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Human Balance, Neural systems -- Analysis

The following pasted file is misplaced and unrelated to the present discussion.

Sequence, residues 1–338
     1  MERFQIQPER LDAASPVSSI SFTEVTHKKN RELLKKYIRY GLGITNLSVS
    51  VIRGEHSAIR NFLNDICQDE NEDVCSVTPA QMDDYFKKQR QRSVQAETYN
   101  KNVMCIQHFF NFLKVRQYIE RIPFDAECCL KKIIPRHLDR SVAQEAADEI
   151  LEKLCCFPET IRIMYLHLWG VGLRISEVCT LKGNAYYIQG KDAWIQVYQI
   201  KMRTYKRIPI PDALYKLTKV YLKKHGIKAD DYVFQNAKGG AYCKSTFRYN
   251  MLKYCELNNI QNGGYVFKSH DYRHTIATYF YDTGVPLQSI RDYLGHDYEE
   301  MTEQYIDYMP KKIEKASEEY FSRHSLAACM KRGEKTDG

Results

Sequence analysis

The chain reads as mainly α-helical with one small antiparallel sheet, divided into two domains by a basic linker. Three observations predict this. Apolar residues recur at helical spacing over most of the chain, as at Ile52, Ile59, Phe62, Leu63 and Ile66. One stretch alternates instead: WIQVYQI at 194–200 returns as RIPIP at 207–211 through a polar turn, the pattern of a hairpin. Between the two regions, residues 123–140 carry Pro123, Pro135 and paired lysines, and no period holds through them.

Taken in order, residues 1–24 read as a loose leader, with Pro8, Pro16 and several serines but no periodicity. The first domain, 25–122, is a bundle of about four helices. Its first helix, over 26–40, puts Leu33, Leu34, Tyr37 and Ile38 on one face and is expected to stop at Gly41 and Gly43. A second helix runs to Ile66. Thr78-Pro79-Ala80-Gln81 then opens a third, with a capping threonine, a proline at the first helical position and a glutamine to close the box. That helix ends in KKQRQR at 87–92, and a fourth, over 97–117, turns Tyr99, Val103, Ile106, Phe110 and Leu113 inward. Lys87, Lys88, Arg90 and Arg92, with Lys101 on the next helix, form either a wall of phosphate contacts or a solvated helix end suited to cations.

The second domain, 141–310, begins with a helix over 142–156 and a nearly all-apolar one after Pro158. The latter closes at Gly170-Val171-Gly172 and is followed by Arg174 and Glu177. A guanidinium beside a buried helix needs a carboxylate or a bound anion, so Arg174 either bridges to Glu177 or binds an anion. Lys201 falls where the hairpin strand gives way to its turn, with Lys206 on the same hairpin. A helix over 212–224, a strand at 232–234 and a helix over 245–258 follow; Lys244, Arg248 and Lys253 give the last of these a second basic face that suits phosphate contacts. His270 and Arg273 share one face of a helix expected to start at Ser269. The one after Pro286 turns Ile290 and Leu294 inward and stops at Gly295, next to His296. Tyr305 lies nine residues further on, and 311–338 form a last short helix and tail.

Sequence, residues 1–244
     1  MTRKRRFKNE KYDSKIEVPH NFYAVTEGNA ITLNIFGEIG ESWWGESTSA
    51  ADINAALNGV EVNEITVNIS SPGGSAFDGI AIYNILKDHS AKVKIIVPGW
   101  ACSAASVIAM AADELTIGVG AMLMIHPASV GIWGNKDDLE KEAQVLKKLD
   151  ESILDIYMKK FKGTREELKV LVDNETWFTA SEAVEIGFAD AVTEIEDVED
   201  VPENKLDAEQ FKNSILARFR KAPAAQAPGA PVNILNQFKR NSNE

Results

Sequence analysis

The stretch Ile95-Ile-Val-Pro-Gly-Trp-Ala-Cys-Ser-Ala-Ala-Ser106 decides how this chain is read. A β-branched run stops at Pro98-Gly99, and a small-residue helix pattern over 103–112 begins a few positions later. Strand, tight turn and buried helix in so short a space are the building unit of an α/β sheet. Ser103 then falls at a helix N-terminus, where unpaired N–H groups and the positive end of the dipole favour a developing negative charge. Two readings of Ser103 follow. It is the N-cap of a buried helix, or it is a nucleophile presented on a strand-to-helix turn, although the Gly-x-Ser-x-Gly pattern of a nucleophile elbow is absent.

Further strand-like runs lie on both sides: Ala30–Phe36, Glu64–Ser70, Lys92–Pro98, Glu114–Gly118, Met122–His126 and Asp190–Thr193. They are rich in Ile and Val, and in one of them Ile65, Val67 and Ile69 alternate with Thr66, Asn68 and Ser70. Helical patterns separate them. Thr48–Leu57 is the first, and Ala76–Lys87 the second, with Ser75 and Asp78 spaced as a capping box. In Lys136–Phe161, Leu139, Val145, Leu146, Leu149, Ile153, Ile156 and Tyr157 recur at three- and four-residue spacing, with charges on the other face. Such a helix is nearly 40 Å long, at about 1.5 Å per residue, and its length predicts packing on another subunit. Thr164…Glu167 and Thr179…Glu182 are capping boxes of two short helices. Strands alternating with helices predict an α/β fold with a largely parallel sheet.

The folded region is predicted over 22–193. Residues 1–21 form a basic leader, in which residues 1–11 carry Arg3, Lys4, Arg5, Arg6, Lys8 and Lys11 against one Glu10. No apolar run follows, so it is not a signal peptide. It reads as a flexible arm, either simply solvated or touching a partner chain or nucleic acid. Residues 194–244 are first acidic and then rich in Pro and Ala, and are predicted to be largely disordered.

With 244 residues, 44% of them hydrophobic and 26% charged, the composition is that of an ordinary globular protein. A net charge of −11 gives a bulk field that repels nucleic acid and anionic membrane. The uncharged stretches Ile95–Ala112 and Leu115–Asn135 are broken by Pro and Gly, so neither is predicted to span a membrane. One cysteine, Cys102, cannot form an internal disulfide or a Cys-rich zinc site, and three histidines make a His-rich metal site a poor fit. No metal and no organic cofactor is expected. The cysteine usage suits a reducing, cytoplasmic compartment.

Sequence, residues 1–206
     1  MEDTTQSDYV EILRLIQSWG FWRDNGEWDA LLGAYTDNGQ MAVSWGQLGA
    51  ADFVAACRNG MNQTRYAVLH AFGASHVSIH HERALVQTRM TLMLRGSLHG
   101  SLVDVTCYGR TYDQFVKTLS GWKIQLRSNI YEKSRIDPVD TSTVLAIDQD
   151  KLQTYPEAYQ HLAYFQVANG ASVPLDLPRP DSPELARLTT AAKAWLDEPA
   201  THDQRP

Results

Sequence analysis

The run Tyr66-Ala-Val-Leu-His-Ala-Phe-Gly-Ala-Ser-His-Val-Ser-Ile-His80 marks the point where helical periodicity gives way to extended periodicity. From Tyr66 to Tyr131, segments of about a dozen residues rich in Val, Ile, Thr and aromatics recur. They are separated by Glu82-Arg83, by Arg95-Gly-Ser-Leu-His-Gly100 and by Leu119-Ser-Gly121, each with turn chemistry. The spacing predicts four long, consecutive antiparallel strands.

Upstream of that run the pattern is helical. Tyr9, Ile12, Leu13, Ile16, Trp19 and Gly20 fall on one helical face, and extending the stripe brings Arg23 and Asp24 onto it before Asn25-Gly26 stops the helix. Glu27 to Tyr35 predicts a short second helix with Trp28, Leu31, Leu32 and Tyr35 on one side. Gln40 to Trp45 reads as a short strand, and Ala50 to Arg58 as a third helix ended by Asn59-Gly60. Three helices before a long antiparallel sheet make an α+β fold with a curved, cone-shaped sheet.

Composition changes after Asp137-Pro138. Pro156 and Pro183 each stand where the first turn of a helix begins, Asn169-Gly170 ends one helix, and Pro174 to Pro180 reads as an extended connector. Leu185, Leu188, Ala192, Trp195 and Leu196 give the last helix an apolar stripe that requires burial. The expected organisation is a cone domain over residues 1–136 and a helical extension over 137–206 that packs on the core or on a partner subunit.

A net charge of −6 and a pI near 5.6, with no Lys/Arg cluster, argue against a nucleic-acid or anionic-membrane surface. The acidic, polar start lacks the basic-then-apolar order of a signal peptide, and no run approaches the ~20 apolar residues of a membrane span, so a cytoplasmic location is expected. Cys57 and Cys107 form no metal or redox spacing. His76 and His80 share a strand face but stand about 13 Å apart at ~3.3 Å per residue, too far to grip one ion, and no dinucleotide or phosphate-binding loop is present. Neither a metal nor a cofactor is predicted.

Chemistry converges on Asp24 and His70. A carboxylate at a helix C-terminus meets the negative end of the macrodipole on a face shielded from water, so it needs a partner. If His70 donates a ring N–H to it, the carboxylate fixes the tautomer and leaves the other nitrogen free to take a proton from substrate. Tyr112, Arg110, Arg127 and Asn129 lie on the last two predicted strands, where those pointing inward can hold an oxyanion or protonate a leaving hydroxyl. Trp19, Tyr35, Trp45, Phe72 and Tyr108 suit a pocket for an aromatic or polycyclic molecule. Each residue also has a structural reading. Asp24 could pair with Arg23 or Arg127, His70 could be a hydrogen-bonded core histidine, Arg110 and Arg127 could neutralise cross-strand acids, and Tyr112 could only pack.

Human balance is achieved using many concurrent control loops that combine to react to changes in environment, posture, center of mass and other factors affecting stability. Though numerous engineering models of human balance control have been tested, no methods for porting these models to a neural architecture have been established. It is our hypothesis that the analytical methods we have developed, combined with classical control techniques will provide a reasonable starting point for developing dynamic neural controllers that can reproduce classical control capabilities. In previous work, we tested this hypothesis and demonstrated that a biologically-constrained neural controller that replicates human balance control characteristics is achievable. The objective of the work presented in this paper was to further understand how parameters within the neural model affect stability and correspond to expected changes predicted by classical control theory. We compare the performance between the neural and classical engineering models for bipedal balance in an inverted pendulum balance experiment. We then carry out an extended analysis on the performance of the neural controller by varying neural parameters, observing the changes in system dynamics, and comparing these changes to those predicted by the classical model. Our methods generate compact neural systems with few parameters, all of which are correlated to classical engineering parameters for a given control model. This works serves as a basis for how to port classical control problems to neural control architectures.


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